"So much so that these terrible feelings have grown."
A pianist who attempted suicide 3 times, Juri, is taken to help her aunt at a prison where murderers who killed indiscriminately are sentenced to death. There, she meets a man named Yuu who took the lives of 3 people. A mother's antagonism. A brother's death. Together they embrace the violent rebellion in their hearts caused by the large, deep scars they carry. However, before long, they both embrace an earnest hope in their hearts.
One reason why I like seinen and josei manga is that the themes, characters, and messages presented are sophisticated. Not to say that shoujo and shounen manga aren't, but the percentage of the latter manga that actually contain such attributes is minimal. Watashitachi no Shiawase na Jikan (Our Happy Time) was a surprisingly astounding read I came across around one in the morning, hoping to find something short, sweet, and rid of filler material. Upon reading the first few pages of the manga, I realized that what I discovered was much, much more than just that, and consequently provided a MEANINGFUL literary experience -- something that tends to be rare when it comes to manga, which particularly specializes in fan-service.
The reader is quickly introduced to protagonist Juri and her wish to commit suicide, though reasons are not completely revealed until the latter half of Watashitachi no Shiawase na Jikan. She's then taken by her nun of an aunt to accompany her visits to jail, where the aunt attempts to emotionally aid convicts. There, Juri meets serial killer Yuu, who has a death sentence hanging over his head. The rest of the manga unravels the tragic pasts of both Juri and Yuu, and we begin to discover why they act as they do (or did). Though it was initually Juri who was supposed to provide help for Yuu, he also returns that same favour by gently letting her realize the beauty of the world, and of life itself. It's a heartwarming tale that not only delves into both characters' pasts, but also brings the characteristic contribution from the past to the present in order to resolve each other's current conflicts, providing a wonderfully woven tale that ties in a clean knot at the very end.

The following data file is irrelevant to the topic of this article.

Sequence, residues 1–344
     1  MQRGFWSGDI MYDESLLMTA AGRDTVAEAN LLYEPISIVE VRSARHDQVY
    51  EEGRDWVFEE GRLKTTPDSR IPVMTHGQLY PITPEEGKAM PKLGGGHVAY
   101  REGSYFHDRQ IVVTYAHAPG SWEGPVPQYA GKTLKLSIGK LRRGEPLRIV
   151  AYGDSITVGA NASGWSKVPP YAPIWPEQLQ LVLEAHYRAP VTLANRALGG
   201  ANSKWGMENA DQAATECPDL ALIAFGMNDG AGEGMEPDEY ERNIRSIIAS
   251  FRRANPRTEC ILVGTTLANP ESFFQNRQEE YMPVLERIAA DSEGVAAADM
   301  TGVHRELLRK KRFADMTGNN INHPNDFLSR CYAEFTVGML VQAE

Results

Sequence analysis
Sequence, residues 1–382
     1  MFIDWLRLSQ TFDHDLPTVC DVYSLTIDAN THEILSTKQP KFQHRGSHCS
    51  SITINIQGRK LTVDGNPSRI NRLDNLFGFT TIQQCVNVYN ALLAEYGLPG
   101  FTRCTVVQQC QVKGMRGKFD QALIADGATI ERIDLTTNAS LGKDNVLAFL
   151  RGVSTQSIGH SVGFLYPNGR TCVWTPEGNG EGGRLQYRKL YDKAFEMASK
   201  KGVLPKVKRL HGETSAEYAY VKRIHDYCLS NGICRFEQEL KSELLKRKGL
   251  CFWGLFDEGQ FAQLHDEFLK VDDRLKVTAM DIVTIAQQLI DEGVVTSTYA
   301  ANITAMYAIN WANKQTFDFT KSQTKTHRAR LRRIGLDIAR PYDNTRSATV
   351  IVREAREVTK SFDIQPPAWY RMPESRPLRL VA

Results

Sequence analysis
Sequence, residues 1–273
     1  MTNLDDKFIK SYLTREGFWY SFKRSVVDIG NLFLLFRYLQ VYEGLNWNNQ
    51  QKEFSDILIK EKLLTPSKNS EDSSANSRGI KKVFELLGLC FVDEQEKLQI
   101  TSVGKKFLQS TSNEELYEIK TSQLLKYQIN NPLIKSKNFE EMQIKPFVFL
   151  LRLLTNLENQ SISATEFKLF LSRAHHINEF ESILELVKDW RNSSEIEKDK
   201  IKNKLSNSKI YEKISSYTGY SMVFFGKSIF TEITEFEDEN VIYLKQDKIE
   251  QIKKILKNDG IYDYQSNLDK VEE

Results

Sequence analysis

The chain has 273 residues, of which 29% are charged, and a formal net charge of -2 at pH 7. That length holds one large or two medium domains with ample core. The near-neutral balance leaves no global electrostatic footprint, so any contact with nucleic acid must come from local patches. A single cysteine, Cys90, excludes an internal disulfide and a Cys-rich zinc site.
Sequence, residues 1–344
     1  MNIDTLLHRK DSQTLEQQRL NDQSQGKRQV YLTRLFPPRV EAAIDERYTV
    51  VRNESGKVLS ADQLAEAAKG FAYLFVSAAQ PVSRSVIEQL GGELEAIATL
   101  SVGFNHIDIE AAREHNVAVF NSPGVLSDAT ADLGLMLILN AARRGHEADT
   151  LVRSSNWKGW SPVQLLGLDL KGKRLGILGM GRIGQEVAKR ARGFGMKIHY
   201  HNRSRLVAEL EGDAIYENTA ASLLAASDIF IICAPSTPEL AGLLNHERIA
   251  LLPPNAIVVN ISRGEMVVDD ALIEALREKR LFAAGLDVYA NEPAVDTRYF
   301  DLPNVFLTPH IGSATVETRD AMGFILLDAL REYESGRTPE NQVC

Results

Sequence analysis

The first few pages of the manga gives the reader a concrete idea of what the artist is capable of. Characters are drawn extremely cleanly and with incredibly accurate proportions (and you'd be surprised how many mangakas can't draw properly, despite the nature of their occupation). Expressions are also well-conveyed. Backgrounds are present enough such that the reader has a general idea of where the characters are, though some more use of far shots would have helped establish a sense of relative position between characters and create greater atmosphere. Nonetheless, the mangaka made great use of toning to compensate and was able to generate a solemn mood throughout the story -- fitting for its nature.
Juri and Yuu are very convincing characters in that they actually have dimension. They're believable. It's not often you find (in manga) suicidal women that have understandable reasons for their actions, and convicts that actually seem to be human, including wishes, likes, and quirks. Definitely one of the strongest points of Watashitachi no Shiawase na Jikan. Juri and Yuu may not stand out, or even be likable for many, but they're relatable. The characters' pasts AND present states are so well fleshed-out that you can't help but empathize. You can't help but realize the dire states that both Yuu and Juri are in, and I believe it's empathy that's lacking in a very large portion of today's manga. Watashitachi no Shiawase na Jikan is able to bring that back to us by providing such attention to detail; the mangaka explores every nook and cranny of both characters' personalities to ensure that with each action, there's justification for it through characterization.
Quite a mellow story, and I thoroughly enjoyed it because of that. The morals and messages given pertaining to gratefulness are absolutely heartwrenching. As a reader, I wanted to know more and more about the tales of Yuu and Juri, and eight chapters more than sufficed, given the well-paced plot and character development.